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  • Seventh pillar - Encapsulated

    The final numbered post in this version of my “pillar” series of posts ends in the most contestable part of the design/implementation process.  Encapsulation. The concept of encapsulation is not contested (or even contestable by sane programmers in any field of the art of system creation. Every time you use a Windows API call you are ...
    Posted to Louis Davidson (Weblog) by drsql on October 23, 2009
  • Checkpoint – Four pillars down, Three to Go

    With the previous post on the fourth pillar, I have reached the “end” of the design posts.  To review, these were: Coherent – cohesive, comprehendible, standards based, names/datatypes all make sense, needs little documentation Normal – normalized as much as possible without harming usability/performance (based on testing) ...
    Posted to Louis Davidson (Weblog) by drsql on May 14, 2009
  • The fourth pillar – Documented

    This blog probably won’t stir up a hornet’s nest or anything, but I would also expect that it would be the least popular in practice. The person who feels they can disagree with the need for a reasonable amount of documentation is probably nuts. In the first post, I defined documented as “Anything that cannot be gathered from the previous four is ...
    Posted to Louis Davidson (Weblog) by drsql on April 15, 2009
  • The third pillar – Fundamentally sound

    This one should be simple to anyone who sees it (once I decode what I mean by fundamentally… and sound…by then for sure!) In the initial post I defined this as – fundamental rules enforced such that you don’t have to check datatypes, base domains, relationships, etc.  The gist here is that you at a minimum don’t have to spend all of your time ...
    Posted to Louis Davidson (Weblog) by drsql on April 7, 2009
  • The second pillar - Normal

    The first pillar was easy, since no reasonable person is going to argue that having a design that is not coherent is desirable. No matter what the type of system, any design that isn’t easy to understand is likely to be a bad design (obvious caveats are that it must be understandable to other people of a given level of intelligence in the given ...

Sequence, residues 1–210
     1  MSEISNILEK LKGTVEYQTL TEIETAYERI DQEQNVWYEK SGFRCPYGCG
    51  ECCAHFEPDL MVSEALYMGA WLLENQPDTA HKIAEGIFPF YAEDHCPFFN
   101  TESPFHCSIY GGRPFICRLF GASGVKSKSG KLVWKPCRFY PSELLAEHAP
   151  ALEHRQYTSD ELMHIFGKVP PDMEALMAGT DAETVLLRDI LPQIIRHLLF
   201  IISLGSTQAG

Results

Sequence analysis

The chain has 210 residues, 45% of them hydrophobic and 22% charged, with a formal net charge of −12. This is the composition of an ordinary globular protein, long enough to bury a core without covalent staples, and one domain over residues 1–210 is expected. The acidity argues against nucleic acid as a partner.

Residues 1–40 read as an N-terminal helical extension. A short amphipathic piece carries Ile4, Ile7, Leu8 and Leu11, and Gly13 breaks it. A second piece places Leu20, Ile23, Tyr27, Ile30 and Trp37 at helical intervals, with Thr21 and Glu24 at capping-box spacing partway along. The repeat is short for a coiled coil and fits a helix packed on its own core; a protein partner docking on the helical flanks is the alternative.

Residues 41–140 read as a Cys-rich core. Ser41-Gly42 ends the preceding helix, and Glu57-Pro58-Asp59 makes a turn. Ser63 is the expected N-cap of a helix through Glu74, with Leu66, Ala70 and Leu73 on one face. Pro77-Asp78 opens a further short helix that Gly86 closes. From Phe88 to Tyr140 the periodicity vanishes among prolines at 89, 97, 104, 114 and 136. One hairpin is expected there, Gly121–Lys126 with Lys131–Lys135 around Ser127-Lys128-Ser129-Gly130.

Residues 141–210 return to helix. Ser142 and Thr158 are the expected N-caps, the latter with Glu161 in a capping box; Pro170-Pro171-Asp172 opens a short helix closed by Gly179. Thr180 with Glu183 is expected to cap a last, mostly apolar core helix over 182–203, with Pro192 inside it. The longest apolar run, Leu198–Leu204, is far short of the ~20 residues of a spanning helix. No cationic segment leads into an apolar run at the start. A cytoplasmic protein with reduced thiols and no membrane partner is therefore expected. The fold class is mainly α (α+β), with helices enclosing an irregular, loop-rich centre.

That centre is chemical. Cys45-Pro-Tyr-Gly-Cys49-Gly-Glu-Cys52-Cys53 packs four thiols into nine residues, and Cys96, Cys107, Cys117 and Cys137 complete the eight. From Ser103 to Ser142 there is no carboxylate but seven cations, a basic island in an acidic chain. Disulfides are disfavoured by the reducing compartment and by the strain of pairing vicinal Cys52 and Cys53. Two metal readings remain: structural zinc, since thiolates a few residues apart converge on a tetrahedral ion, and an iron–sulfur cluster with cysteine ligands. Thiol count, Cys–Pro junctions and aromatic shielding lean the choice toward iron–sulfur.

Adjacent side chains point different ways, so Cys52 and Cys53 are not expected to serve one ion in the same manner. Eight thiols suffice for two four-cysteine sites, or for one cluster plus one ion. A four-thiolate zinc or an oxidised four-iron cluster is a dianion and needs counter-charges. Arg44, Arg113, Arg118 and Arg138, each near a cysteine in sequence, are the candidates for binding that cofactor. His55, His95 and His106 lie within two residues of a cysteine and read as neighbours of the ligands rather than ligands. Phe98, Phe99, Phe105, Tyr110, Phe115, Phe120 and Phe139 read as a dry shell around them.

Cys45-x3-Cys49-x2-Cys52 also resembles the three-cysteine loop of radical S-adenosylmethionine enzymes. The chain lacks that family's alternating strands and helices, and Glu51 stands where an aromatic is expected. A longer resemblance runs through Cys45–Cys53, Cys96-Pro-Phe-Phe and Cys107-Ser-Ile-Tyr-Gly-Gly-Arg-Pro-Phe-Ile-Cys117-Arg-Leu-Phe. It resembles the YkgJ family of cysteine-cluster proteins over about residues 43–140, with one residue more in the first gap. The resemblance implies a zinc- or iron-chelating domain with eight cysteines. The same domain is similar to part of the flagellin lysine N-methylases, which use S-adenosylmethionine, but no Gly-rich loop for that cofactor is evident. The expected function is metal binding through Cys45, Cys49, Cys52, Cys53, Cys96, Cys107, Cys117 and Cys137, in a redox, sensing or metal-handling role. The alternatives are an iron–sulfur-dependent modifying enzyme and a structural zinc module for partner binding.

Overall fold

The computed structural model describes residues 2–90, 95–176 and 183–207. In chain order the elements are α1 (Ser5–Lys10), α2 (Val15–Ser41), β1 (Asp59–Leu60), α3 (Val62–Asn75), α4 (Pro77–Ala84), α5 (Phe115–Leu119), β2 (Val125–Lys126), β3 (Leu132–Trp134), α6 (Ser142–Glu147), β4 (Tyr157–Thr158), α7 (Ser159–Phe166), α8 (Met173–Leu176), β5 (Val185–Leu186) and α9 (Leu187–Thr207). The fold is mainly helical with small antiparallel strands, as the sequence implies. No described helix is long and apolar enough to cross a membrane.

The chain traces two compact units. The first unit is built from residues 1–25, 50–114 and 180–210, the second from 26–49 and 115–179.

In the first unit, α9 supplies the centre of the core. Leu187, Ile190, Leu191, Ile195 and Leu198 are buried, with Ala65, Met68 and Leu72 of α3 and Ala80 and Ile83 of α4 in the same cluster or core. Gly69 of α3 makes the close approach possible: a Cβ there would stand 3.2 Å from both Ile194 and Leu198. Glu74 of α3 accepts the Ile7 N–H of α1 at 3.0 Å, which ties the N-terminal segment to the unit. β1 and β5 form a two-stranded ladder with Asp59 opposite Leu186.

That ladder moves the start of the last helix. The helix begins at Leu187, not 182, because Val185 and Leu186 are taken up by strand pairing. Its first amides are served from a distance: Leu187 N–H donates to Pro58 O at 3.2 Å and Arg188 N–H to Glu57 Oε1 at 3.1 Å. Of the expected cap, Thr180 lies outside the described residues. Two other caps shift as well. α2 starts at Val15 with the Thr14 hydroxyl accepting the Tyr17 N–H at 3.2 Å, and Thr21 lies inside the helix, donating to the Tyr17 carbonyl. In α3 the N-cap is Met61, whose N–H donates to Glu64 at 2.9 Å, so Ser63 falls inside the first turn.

Posted to Louis Davidson (Weblog) by drsql on March 1, 2009
  • The first pillar – A Coherent Design

    One of the definitions on for coherence is “a logical arrangements of parts”. In my initial post, I defined “coherent” for database designs in the following manner: cohesive, comprehendible, standards based, names/datatypes all make sense, needs little documentation.  Both definitions share one specific common theme: ...
    Posted to Louis Davidson (Weblog) by drsql on January 8, 2009
  • The phases of database design

    Before I get started with the pillars of a well built database, I want to reply (in long form) to a comment on the last post. I see the phases of the project to have five distinct phases (again trying to make memorable lists that an stick in your mind): Requirements – The process of extracting what needs to be done from the mind of the people ...
    Posted to Louis Davidson (Weblog) by drsql on December 16, 2008
  • The N pillars of a well built database?

    As I am starting the process of writing my next edition of the database design book (over the next 3+ years) I am starting to try to come up with some catchy way of stating that a database is well designed and implemented.  So I started to think of some metaphor and pillars is the best I could do. Catchy? Dunno, but the idea is that without ...
    Posted to Louis Davidson (Weblog) by drsql on December 9, 2008
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